Sunday, December 3, 2023

Dealing with asylum applications will take ‘monumental effort,’ says UN official

With an unprecedented number of Central American migrants entering the country and seeking asylum, Mexico needs to strengthen its refugee assistance program, says the UN’s deputy high commissioner for refugees.

Kelly Clements has completed a tour of the northern and southern border areas to evaluate a UN pilot program that seeks to resettle refugees who might otherwise seek asylum in the United States.

In an interview with the newspaper Milenio, Clements said she witnessed “a constant flow of asylum seekers” on the southern border, leading the UN Refugee Agency to open a permanent dialogue with the Mexican government to explore how the international community can help the country adapt to the challenge of being a destination country for asylum seekers.

“I believe that if we expand the capacity to process asylum requests in Mexico, we will avoid people taking desperate, risky journeys to the northern border,” Clements said. “They can be received in Tapachula, Tenosique or Mexico City. It’s a long term project, but it is urgent.”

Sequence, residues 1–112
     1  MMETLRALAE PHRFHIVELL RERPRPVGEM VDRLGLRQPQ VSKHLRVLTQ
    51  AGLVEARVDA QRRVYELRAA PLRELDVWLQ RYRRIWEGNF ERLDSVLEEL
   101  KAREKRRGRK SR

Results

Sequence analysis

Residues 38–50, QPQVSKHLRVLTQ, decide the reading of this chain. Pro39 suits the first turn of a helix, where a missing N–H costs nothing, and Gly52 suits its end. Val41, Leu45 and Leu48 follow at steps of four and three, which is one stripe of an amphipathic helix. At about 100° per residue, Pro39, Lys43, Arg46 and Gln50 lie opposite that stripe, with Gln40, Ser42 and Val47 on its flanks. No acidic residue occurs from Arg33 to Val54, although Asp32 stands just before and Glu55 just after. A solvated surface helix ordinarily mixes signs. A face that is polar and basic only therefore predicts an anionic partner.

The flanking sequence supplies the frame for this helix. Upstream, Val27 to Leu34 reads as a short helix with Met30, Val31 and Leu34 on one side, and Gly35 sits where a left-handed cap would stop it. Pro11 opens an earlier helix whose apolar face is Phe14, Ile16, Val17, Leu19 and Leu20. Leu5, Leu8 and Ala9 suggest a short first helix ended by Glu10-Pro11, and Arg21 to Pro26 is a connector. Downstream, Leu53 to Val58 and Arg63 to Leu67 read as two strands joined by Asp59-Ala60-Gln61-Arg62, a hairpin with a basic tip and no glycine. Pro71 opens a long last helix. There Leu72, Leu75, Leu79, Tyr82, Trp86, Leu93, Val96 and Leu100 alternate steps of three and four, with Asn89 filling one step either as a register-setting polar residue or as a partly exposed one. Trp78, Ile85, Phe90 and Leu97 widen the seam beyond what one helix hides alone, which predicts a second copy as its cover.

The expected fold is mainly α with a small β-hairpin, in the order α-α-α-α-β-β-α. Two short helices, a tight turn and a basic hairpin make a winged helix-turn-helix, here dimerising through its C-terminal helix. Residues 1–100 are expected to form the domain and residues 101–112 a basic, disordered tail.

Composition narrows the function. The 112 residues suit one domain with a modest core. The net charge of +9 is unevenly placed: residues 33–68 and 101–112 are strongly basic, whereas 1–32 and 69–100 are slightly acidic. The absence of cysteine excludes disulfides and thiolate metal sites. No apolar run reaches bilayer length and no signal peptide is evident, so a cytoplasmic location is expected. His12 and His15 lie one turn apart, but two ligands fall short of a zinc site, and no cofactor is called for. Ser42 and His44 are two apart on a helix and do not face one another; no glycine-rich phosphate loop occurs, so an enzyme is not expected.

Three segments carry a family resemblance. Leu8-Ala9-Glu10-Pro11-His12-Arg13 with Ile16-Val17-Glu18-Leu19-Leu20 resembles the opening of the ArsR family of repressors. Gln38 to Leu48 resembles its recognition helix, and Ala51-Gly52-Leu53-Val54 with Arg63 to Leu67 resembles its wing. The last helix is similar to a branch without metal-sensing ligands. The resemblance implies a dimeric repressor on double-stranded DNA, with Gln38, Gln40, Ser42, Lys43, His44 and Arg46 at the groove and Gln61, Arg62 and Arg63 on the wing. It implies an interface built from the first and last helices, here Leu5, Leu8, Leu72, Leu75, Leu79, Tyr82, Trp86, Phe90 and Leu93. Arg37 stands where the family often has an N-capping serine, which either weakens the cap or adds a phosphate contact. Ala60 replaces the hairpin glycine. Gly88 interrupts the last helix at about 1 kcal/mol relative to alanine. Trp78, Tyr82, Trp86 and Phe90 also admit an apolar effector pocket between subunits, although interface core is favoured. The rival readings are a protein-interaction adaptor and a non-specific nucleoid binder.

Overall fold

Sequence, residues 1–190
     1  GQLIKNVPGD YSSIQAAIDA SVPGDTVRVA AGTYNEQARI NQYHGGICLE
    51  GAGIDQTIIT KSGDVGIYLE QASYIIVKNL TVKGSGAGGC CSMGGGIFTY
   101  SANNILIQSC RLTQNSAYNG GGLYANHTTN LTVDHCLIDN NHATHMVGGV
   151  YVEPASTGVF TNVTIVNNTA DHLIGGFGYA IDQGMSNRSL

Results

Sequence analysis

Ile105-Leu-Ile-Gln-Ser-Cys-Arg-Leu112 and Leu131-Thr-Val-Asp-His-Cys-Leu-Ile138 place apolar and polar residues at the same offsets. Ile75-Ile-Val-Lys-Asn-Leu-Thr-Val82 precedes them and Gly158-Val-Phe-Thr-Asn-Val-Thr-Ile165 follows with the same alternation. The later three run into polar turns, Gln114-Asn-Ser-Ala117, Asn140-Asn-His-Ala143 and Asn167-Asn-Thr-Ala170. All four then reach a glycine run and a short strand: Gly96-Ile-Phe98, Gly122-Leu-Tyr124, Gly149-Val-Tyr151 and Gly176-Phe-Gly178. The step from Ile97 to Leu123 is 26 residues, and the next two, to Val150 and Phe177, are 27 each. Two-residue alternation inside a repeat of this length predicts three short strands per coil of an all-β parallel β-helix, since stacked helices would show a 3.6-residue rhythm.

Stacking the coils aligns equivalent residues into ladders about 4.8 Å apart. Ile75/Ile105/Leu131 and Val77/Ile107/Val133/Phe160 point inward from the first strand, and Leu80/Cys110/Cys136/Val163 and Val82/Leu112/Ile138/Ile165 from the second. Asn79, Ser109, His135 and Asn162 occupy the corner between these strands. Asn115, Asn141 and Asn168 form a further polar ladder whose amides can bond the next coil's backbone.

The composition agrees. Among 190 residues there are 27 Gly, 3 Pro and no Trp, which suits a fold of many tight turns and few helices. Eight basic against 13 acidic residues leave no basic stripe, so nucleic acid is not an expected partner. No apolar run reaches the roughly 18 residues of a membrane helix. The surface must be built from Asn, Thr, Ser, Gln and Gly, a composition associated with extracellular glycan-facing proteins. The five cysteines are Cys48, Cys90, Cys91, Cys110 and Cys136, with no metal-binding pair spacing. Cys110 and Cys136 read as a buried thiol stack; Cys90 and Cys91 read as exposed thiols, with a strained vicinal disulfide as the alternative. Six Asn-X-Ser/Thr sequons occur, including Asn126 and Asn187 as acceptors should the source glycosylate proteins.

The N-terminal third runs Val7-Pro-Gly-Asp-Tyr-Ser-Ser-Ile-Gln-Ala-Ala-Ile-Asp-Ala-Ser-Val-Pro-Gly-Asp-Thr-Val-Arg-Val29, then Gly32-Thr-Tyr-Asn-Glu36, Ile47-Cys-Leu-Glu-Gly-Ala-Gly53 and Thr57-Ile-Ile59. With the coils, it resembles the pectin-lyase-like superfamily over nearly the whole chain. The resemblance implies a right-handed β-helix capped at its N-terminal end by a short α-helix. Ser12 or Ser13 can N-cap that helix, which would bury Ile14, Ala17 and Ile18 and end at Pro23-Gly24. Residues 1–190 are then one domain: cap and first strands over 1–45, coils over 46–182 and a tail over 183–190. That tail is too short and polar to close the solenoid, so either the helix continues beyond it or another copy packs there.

Mexico is on track to receive a record number of asylum applications this year given the figures recorded so far. Mexico’s refugee agency, Comar, estimates that the total for 2021 could go as high as 90,000, well over the record 70,000 received in 2019.

And that’s on top of the estimated half a million people described as refugees who are already in Mexico, according to the Ministry of the Interior.

Clements said the UN and the Mexican government are looking into ways to deal with the problems in Guatemala, Honduras and El Salvador that lead people to flee, seeking to help the countries resolve their internal crises.

“This will take a monumental, coordinated effort with international cooperation and support from Mexico,” Clements said.

On the northern border, the UN is considering how to deal with the fallout of the United States’ Remain in Mexico program, which led to the creation of camps where refugees live in substandard conditions.

“Mexico finds itself in a complicated position between the United States and the southern countries,” Clements said. “It’s a difficult position and we have worked closely with the United States government on its expectations and on the reconstruction of its asylum system, which was damaged over the last few years.”

Source: Milenio (sp)

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